This is a guest post from Archie Ward.
Business partnerships can be an integral part of start-up success and growth of a new venture. If properly implemented and executed, partnerships can be an effective way to grow your enterprise without having to implement time consuming and difficult changes or having to make costly investments.
Each partner brings expertise and assets which can help to increase your market share and competitive advantage. However, just like marriage, business partnerships can be difficult and getting out of one can be messy.
The winning strategy is to ensure that you conduct due diligence prior to getting into a partnership. If you are starting a partnership and wondering how to navigate through these murky waters, consider the five (5) pointers below.
1. Don’t rush into it
The adage “fools rush in” was never truer than when it comes to business partnerships.
Cash-strapped entrepreneurs will often stop exploring their options as soon as they find a person who can write them a big check, but it is important that you don’t overlook potential opportunities.
Remain uncommitted and stay flexible until you have explored your options. Cultivate your alternatives actively and do not be too quick to ignore potential business partners. Take time to compare the relative benefits and disadvantages of every alternative. And at the end of the day, ask yourself, “is this the best option for my business”?
Take time to calculate the opportunity costs of entering into a business partnership, and remember that you will also assume any liabilities of the partnership.
2. Don’t overlook the importance of shared values and integrity
Your values and those of your business partners need to be aligned.
A potential business partner may be extremely smart or have a proven track record, but they may also have engaged in shady business deals to get where they are.
If you enter into a partnership with someone who has no regard for ethics and integrity then you can expect strife. Many big businesses (think Arthur Andersen) have come undone as a result of engaging in unethical practices.
3. Have an exit strategy
Having an exit strategy is not jinxing your business, it’s just good common sense.
The reality is that conflict is inevitable, and you can never predict how severe a conflict might get. By putting measures in place ahead of time you can help to ensure that you are not the loser if things head south.
While the partnership may not disintegrate, better opportunities may emerge, and so you need to have an exit strategy that will allow you to change with the times.
How will the partnership assets be shared in the event that the partnership is dissolved? What happens if a business partner dies?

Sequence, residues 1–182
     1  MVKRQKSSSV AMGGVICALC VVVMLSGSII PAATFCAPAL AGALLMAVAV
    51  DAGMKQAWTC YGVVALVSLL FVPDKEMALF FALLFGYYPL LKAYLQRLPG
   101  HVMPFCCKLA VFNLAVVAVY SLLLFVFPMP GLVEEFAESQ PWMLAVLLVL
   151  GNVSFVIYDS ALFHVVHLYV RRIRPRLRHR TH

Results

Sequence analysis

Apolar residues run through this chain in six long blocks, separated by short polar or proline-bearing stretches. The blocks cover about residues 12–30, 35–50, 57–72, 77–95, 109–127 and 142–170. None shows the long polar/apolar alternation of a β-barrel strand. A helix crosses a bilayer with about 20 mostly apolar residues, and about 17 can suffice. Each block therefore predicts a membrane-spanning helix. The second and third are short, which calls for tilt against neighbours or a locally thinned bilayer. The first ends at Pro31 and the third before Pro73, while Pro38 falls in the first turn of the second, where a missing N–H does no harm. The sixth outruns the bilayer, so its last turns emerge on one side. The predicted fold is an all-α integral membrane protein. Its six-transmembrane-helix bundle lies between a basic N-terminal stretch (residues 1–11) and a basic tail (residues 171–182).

When considering your exit strategies you need to consider all of the possible eventualities.
4. Map Out Mutual Expectations
What expectations do you have for the business partnership? Are these the same as the expectations of your prospective business partners?
It is best to have your expectations written down before you meet with potential partners. This will serve as a road map for the partnership, and will provide several advantages:
- It will act as a partnership draft which will also be presented to the lawyers once the partnership kicks off.
- Your expectations will give you a guideline within which you can experiment with the different potential partners before you make up your mind.
- It will give you a clear vision of what you want from the partnership, which will help you to avoid getting sidelined even if you meet a potential partner with huge financial muscle.
- A list of expectations should distinguish legal matters from partnership issues, and you can discuss the legal ones with a business lawyer.
5. Seek legal advice early
When starting a partnership, it is a good idea to seek legal advice right from the outset, and certainly prior to any negotiations between you and potential investors.
You need to let your lawyer know your expectations for the venture so that they can assess how realistic they are. They will also assist you in strategising the negotiations, and ensuring that you ask all the right questions. Your partner will also have a lawyer and it is best to be prepared because each of the attorneys will pursue the best interests of their client.
6. Don’t Overlook The Details
As an entrepreneur, you are likely to have an eye for the bigger picture; however, overlooking the details can have dire consequences.
There are several bases that you need to cover before you begin:
- Establish your objectives and match them against those of your partners.
- Determine the contribution to be made by each partner.
- Assign the roles and duties of each partner; for instance, who will hire and train the employees and who will manage the enterprise?
- Agree on a dispute resolution mechanism for the partnership such as arbitration or mediation.
By paying attention to the above key pointers, you can give your partnership the best chance of success.
Archie Ward is a business consultant and social media strategist. Archie splits his time each year between Asia and Australia. While he is hard at work helping other people make their businesses successful, he hopes to launch his own by year end.